In a perfect world with perfect people, the likelihood of encountering people who rub us the wrong way would probably be zero to none! Could it be that we would all be carbon copies of one another? Well much to our amusement, we are all different on multiple levels! Needless to say, that would include cultural, upbringing, influences, thought processes, perceptions, and of course, the list goes on. So what do we do when we are working in close proximity to folk we can’t stand? Or…are we one of those folk that others can’t stand… difficult to work with, unpleasant to communicate with, transferring negative energy, etc…? Whether we are on either side of the spectrum, there are some useful tools that will help us be more palatable to others, and/or be able to reasonably deal with people at their worst.
This topic clearly renders a lengthy discussion, and has a more conclusive approach then what I am sharing with you in this blog. Subsequently, I will post other relevant information pertaining to this relational issue. For now, I will keep it pretty simple and basic.
Brinkman and Kirchner, authors of “Dealing With People You Can’t Stand How to Bring Out the Best in People at Their Worst” offer 10 types of people (behavioral patterns) who fit on their “MostUnWanted List”, as well as four key elements to solving your people-issues in and out of the workplace.
MOST UNWANTED LIST!
1. The Tank – confrontational, pushy, overbearing, angry and aggressive.
2. The Sniper –rude person whose main objective is to take shots at others with sarcasm, cynicism, and biting comments.
3. The Grenade – one who exhibits explosive, unfocused.
ranting and raving over petty things that are totally irrelevant to the current circumstance at hand.
4. The Know-It-All - the authoritative one whose tolerance for correction and contradiction bottoms out. In event of something going south, this person has no problem with putting the blame on you.
5. The Think-They-Know-It-All – These people “cannot fool all the people all the time, but they can fool some of the people enough of the time, and enough of the people all of the time, all for the sake of getting some attention.”
6. The Yes Person – does not know how to say “no”. Often times, in an effort to please everyone, the Yes person will agree to do something, or make commitments and not keep them. The interesting thing is, this person says yes, without thinking things totally through. They will over-commit and then become resentful when they have too much on their plate.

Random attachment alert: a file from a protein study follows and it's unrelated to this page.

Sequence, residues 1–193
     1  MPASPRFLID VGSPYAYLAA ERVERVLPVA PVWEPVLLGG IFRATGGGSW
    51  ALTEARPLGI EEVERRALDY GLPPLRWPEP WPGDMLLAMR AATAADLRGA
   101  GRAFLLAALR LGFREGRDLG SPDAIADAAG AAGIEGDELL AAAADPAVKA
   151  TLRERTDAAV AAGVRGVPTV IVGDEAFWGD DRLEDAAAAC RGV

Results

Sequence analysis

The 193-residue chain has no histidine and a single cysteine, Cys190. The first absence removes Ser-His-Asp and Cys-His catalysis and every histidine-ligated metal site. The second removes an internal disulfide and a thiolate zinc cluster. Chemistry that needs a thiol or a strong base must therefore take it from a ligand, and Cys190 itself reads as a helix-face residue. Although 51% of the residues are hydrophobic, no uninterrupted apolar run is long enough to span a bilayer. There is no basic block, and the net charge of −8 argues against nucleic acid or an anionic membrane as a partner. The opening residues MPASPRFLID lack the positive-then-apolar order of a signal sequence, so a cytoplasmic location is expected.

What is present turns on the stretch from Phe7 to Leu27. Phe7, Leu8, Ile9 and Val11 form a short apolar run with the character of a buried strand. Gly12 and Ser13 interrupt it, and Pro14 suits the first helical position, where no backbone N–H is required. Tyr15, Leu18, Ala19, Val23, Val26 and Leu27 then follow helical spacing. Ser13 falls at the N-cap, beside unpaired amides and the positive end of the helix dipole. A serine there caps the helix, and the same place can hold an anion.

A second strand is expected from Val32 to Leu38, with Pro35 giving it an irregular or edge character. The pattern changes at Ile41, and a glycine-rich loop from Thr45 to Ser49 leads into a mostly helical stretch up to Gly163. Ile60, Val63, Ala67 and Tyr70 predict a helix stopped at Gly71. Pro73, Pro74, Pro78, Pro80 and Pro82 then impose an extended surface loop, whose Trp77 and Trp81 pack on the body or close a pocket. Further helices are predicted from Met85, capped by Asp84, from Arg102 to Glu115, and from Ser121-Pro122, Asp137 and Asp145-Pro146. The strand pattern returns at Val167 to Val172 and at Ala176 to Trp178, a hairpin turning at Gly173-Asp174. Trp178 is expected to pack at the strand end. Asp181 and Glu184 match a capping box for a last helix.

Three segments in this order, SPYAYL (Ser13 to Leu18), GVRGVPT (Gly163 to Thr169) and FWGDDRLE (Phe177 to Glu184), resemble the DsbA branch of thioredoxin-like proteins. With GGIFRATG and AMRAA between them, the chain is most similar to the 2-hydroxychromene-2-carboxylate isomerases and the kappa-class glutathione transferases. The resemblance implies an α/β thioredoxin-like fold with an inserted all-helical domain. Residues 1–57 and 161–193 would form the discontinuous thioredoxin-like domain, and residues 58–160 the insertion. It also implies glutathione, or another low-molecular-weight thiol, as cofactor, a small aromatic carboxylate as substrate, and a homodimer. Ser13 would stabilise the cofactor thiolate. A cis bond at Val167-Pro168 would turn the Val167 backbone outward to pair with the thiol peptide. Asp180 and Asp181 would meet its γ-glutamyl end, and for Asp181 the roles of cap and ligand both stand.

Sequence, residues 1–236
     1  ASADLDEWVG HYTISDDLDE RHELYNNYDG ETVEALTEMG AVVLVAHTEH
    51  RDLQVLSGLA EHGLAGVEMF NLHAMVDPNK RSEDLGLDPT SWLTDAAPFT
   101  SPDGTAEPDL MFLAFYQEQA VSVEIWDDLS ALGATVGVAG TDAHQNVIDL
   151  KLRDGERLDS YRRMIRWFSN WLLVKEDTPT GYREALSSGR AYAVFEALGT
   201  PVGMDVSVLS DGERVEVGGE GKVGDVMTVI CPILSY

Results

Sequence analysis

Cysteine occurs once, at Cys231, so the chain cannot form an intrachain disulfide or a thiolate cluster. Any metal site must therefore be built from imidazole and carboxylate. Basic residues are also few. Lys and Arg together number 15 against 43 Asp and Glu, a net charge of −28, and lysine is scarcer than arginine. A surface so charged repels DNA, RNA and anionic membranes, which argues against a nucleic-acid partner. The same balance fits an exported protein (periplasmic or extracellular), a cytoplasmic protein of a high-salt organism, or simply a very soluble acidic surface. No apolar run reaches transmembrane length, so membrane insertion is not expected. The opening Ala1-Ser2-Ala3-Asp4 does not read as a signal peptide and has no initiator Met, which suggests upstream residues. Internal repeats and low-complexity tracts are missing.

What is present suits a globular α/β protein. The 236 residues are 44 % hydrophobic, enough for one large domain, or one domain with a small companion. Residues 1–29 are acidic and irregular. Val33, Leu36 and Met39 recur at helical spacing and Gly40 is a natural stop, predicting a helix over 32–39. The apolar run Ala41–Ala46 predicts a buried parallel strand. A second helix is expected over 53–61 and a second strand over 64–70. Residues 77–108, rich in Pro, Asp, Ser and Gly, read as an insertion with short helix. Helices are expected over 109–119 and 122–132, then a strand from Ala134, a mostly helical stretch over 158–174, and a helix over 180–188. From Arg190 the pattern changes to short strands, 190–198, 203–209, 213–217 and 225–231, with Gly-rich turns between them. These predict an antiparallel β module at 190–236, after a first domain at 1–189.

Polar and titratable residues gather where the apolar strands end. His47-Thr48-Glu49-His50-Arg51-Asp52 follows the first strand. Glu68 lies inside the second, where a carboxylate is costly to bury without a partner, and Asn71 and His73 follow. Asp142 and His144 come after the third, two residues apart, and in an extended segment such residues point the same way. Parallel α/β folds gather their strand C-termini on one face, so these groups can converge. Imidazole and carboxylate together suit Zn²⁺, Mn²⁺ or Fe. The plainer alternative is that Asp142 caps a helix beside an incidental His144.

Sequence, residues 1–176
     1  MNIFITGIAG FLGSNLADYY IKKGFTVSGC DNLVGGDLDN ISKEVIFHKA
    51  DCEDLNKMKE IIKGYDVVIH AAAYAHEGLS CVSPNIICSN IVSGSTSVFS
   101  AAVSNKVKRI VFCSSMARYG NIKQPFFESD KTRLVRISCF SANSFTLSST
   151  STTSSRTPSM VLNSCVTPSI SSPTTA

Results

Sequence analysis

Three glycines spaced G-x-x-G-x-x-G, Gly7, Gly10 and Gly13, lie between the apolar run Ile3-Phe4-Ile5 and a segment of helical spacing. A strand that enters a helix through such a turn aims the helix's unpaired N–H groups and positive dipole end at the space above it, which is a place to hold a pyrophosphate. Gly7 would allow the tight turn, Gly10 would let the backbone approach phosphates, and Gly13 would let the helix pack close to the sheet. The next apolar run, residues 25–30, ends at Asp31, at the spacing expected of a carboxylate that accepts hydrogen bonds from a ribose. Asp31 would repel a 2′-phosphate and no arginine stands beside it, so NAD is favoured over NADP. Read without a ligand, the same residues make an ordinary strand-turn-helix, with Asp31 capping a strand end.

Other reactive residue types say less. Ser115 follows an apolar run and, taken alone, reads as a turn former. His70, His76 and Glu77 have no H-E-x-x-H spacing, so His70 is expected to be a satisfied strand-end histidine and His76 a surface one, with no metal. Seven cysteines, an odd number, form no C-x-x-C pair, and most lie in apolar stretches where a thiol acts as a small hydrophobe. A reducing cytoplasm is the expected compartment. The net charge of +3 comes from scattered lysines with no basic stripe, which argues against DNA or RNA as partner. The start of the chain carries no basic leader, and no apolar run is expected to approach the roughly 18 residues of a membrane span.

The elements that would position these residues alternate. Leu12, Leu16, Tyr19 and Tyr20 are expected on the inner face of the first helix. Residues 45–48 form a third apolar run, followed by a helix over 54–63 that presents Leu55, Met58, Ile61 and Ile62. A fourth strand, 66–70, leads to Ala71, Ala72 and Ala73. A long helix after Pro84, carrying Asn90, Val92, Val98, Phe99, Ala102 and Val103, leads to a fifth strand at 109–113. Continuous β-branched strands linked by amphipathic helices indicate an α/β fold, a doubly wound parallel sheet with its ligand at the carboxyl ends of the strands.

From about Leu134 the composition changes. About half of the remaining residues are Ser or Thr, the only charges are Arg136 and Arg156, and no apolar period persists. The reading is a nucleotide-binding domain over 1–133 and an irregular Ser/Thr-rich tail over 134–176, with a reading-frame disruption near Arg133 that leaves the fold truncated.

7. The Maybe Person - when faced with an immediate decision, this person will procrastinate in hopes of a better option availing itself. In many cases, too little –too late!
8. The Nothing Person – not up for small talk, non- responsive, no feedback, blank stare, no non-verbal communication – absolutely nothing.
9. The No Person – this person will swim in circles of minutia, futility, hopelessness, and despair. A morale killer and a hope defeater will kill a positive vibe in a New York minute.
10.The Whiner – feels always under attack because life is so unfair. They are perfectionists in their own right, and no one can ever measure up. They carry their own personal dark cloud around them, and love to bring all their warranted and un-warranted issues to you.
1. Stay and do nothing. To do so would spell disaster, because doing nothing will cause already existing tensions to thicken and worsen. As the authors purport, complaining to others doesn’t help because ultimately it lowers morale and counters productivity.
2. You can vote with your feet. Sometimes you reach an impasse, and a viable solution is not possible. It is futile and pointless to continue to contend with someone who is completely immovable on anything that makes sense. It is at this point that it is ok to walk away before you find yourself on the brink of losing control, or making things worse regardless of what you say or do.
3. You can change your attitude about your difficult person. Attitude is at the hem of this choice. Sometimes people will continue to engage you with their difficult behavior, but you can learn to see, feel, and listen to them differently. A simple attitude or perspective change can really be effective in how you deal with difficult people by seeing them from a different set of lens.
4. You can change your behavior. Clear and simple, when you change your attitude towards a difficult person, guess what happens? You inevitably change your behavior towards them. Now, they have to adapt and learn new ways of dealing with you. In other words, the authors are saying that we each have the power to bring out the best or worse in other people. It is ok to exercise that power to bring out the best in people who attempt to bring out the worst in you.
Today presents another opportunity to move yourself in the direction of being in a great place. It is in within your power of choice that you make this your BEST day ever!